DC bosses team up with Best Buddies Homecoming

Some of DC’s top chefs and restaurants open their kitchens to youth with intellectual or developmental disabilities (IDD) – an uplifting program tied to the annual Best Buddies Homecoming (née Prom). The two-in-one gala at the Reagan Building — split between an affair for adults and a homecoming-style dance for kids with IDD — is back in real life for the first time since the pandemic, with tickets to the soiree Friday, 2. December.

As part of Homecoming, chefs from restaurants like Bourbon Steak, Lebanese Tavern, Stellina Pizzeria and Taco Bamba begin working with a buddy weeks in advance to create special dishes for the tasting stations at the party. It’s a rare fundraiser where chefs work directly with people who benefit from the organization – and it helps introduce young people with IDD to potential jobs in the hospitality world. Over 80 percent of adults with disabilities are unemployed, a statistic Best Buddies is working hard to break. One of the most common occupations is preparing and serving food according to the national core indicators.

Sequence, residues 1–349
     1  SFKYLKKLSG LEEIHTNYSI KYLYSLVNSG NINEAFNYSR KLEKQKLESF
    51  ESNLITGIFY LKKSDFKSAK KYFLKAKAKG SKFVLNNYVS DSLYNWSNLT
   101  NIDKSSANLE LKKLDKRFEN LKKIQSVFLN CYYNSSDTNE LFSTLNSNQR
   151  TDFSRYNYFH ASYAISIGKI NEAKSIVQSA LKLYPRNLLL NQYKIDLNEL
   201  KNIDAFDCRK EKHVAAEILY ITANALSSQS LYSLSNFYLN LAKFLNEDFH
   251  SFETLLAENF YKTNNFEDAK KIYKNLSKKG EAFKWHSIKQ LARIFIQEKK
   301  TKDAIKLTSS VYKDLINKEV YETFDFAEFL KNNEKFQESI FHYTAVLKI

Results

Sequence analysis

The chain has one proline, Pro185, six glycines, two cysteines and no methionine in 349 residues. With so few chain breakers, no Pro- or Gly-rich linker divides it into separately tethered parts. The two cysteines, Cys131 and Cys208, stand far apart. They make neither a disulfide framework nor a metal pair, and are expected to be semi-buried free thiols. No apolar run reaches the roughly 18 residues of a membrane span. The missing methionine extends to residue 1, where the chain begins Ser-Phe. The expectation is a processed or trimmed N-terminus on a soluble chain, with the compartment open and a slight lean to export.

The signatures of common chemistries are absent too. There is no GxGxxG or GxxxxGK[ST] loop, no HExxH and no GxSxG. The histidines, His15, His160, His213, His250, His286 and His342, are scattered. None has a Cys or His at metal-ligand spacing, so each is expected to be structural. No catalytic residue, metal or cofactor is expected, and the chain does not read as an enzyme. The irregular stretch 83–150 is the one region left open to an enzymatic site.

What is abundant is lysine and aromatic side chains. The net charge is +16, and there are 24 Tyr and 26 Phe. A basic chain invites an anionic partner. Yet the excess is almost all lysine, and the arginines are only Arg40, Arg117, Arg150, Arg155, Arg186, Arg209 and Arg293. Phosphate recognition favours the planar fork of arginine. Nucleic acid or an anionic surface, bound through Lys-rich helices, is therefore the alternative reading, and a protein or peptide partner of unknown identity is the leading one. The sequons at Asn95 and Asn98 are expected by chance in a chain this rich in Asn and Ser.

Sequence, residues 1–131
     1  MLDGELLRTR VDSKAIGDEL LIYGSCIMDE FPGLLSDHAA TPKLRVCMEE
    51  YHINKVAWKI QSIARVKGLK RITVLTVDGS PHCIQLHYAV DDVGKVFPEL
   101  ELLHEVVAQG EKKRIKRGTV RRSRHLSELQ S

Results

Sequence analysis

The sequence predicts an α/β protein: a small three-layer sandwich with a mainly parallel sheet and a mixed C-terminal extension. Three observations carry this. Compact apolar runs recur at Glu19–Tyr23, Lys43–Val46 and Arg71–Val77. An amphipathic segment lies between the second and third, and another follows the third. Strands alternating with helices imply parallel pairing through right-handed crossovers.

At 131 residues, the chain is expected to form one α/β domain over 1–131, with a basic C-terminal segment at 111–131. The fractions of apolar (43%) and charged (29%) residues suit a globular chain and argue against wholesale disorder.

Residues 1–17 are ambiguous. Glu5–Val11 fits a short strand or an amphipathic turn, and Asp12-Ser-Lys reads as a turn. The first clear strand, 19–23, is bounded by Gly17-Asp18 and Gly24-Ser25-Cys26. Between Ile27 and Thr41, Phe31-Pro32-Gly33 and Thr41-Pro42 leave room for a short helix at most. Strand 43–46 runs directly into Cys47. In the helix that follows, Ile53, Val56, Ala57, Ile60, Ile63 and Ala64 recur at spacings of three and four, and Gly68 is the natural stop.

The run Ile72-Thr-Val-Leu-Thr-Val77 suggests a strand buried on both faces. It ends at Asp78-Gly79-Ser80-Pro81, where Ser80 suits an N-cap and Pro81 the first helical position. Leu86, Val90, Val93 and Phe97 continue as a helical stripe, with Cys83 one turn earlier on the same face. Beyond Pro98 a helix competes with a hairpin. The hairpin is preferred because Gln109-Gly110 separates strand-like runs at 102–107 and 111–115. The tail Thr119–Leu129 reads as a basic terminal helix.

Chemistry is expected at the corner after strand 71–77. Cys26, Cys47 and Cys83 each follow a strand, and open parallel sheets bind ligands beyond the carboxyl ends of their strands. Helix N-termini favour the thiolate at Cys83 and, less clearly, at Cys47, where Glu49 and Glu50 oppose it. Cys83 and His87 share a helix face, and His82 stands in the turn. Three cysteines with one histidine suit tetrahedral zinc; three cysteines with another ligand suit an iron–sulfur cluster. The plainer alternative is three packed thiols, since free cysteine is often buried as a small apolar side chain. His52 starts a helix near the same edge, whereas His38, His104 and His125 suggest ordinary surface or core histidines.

“We find that many of our Best Buddies Jobs participants shy away from restaurants because they don’t know all the diverse jobs that one can have,” said Molly Whalen, director of the Best Buddies Capital Region in Virginia and DC. “Through this project, they can go behind the front of the house into the kitchen and see people doing all kinds of jobs.”

Best Buddies Homecoming was launched in 2014 — spearheaded by NBC4’s Tommy McFly, a decade-long supporter and current chapter advisory board chair. What began as a Bootstraps event is now one of the region’s largest annual galas, raising over $1 million for Best Buddies initiatives to date. It’s more than a fundraiser, it’s a way for youth with IDD to celebrate friendship and have a fun homecoming dance like any other school kid. This year, friends are helping to plan Lebanese Tavern Hummus Bars, Bourbon Steak Tartare Bites, Founding Farmers Apple Brie Bacon Lollies and more. It can be a rare opportunity for restaurant workers to interact with children with IDD and spread the love of food.

“They find things that make them happy, many have never eaten Lebanese food — and now it’s their favorite,” says Lebanese Taverna chef and co-owner Grace Shea, who has collaborated with friends on three events. “All of this just means pushing it and being a part of people’s lives whenever you can.”

food editor

Anna Spiegel reports on the eating and drinking scene in her native DC. Before joining Washingtonian in 2010, she attended the French Culinary Institute and Columbia University MFA program in New York and held various cooking and writing positions in NYC and in St. John, US Virgin Islands.

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